In retrospect, this may seem like pessimism at its most paranoid, but you have to remember that for a number of days, it appeared very likely that Hatteras and Ocracoke islands were going to be hit by a Category 3 or 4 storm. The worst case scenario had us directly in the crosshairs, with Florence stalling and hovering for days, inundating the island with unprecedented rain and storm surge.

Indeed, this is exactly what happened, but it didn’t happen on Hatteras or Ocracoke islands.

In the days that followed the evacuation, Florence’s projected path – which had originally been aimed at the Outer Banks – continually shifted south, until the islands were subsequently outside the Forecast Cone altogether. And while every single village was impacted with ocean overwash during the storm, the islands were spared the brunt of the damage.

Florence eventually made landfall as a Category 1 on Wrightsville Beach – much weaker, and much further south, than originally forecasted.

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The Island Community Gives Back

Saturday 22 September 2018 at 5:59 pm

By JOY CRIST

Hatteras and Ocracoke islands were gratefully spared the bulk of Hurricane Florence – a fact that was lost on no one in the community. Even the Dare County Board of Commissioners focused on the sheer luck that moved Florence away from a direct hit to the Outer Banks at their Monday meeting, with Emergency Management Director Drew Pearson commenting that the line between minimal damage and devastation was “a matter of 50 miles to the right.”

But because this is a community that is all too familiar with the destruction and months of rebuilding that a storm can cause, islanders from Rodanthe to Ocracoke turned their attention inland. The Down East region was hit hard by Florence, and it did not take long for grassroots and more organized support efforts to start popping up in abundance.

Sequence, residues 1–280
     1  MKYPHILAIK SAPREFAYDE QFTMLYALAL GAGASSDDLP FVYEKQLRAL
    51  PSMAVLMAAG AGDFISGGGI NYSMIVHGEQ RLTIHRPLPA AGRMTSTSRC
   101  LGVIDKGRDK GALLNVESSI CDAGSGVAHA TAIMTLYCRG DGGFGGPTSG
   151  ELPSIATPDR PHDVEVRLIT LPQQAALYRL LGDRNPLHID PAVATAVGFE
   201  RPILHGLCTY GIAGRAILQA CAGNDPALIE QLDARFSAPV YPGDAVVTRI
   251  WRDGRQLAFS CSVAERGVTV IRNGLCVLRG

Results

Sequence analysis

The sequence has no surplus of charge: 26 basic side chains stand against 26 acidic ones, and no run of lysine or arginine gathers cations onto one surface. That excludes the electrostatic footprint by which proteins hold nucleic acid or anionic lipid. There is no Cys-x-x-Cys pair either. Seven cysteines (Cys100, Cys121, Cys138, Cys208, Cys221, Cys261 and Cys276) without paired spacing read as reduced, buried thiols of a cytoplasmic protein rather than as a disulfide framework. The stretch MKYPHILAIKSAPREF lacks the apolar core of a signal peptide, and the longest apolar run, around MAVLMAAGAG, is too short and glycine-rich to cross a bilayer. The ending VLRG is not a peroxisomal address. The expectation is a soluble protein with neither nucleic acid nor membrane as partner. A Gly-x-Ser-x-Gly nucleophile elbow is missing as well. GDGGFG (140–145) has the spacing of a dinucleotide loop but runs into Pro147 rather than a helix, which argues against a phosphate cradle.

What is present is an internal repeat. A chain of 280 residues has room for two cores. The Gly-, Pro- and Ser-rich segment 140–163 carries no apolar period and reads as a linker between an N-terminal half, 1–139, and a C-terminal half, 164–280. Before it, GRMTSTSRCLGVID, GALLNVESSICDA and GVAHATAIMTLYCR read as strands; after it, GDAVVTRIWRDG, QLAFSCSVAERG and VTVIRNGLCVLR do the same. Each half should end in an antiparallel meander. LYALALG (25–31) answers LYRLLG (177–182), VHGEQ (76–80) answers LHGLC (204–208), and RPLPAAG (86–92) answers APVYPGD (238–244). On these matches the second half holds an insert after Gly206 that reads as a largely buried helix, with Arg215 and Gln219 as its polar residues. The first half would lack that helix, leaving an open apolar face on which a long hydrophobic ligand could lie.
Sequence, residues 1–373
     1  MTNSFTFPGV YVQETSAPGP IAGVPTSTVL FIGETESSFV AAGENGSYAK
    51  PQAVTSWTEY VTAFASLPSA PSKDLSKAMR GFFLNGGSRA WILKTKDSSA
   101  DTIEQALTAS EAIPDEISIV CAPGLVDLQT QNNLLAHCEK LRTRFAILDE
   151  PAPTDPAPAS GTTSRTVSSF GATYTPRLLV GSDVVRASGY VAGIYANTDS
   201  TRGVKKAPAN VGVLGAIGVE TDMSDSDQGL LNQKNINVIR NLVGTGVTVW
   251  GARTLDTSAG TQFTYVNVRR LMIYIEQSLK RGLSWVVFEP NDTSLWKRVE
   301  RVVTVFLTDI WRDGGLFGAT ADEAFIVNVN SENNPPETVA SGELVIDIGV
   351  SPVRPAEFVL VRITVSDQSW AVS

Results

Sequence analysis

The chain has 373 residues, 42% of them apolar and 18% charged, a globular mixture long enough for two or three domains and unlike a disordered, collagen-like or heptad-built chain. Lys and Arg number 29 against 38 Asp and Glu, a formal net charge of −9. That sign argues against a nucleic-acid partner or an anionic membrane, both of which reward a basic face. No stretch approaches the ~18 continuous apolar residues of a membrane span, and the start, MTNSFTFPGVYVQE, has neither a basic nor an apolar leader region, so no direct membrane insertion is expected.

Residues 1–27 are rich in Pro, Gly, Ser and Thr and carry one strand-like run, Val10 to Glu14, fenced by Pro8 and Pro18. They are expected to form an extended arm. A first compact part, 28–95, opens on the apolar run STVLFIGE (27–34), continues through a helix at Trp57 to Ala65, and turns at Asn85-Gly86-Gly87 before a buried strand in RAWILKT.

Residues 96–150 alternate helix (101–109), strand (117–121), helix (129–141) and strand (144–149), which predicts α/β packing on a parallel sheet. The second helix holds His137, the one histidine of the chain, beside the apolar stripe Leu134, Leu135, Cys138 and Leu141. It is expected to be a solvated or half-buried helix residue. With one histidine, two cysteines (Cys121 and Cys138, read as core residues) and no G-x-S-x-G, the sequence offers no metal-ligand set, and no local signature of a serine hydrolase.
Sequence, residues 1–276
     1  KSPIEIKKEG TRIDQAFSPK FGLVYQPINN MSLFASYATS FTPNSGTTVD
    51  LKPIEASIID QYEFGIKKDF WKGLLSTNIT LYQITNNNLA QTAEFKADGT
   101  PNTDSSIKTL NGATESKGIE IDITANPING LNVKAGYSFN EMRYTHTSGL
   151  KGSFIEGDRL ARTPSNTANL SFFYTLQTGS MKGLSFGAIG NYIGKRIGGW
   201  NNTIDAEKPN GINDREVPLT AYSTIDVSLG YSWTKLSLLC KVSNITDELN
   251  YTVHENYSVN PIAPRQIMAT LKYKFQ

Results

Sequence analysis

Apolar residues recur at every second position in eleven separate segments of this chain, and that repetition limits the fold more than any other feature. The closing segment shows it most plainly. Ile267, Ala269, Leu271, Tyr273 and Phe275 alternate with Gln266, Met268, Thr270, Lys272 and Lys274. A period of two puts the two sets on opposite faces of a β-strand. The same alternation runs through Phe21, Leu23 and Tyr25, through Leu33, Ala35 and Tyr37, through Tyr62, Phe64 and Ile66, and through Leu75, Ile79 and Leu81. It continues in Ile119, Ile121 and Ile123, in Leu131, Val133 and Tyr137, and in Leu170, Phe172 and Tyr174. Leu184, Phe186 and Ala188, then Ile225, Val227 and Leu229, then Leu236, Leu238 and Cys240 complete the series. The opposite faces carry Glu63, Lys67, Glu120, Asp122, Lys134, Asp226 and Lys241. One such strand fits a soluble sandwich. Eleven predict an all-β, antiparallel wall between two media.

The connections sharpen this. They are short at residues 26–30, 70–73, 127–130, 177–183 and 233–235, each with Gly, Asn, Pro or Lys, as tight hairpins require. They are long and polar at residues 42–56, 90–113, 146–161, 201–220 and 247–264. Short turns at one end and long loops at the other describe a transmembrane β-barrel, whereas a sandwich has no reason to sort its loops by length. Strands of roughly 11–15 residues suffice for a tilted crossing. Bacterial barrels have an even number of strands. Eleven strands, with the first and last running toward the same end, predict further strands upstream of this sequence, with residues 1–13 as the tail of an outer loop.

On the Sunday following Florence, Cape Hatteras Electric Cooperative sent four volunteer linemen to Carteret County to help with the roughly 30,000 folks who were still without power after the storm, while organizations like the North Carolina Fisheries Association asked for both information on damage and assistance in providing help and supplies to those affected. CHSS Foods and Nutrition Teacher Evan Ferguson and her class prepared comfort food to send along to East Carteret County High School, while the Cape Hatteras United Methodist Men – a longtime resource for islanders after a storm – started planning a large relief effort, asking for both volunteers and funds. Local businesses like the Cape Hatteras Motel started fundraising campaigns as well, asking visitors staying at the motel to bring along a non-perishable item or two for folks in need.

Hatteras and Ocracoke islands were gratefully spared the bulk of Hurricane Florence – a fact that was lost on no one in the community. Even the Dare County Board of Commissioners focused on the sheer luck that moved Florence away from a direct hit to the Outer Banks at their Monday meeting, with Emergency Management Director Drew Pearson commenting that the line between minimal damage and devastation was “a matter of 50 miles to the right.”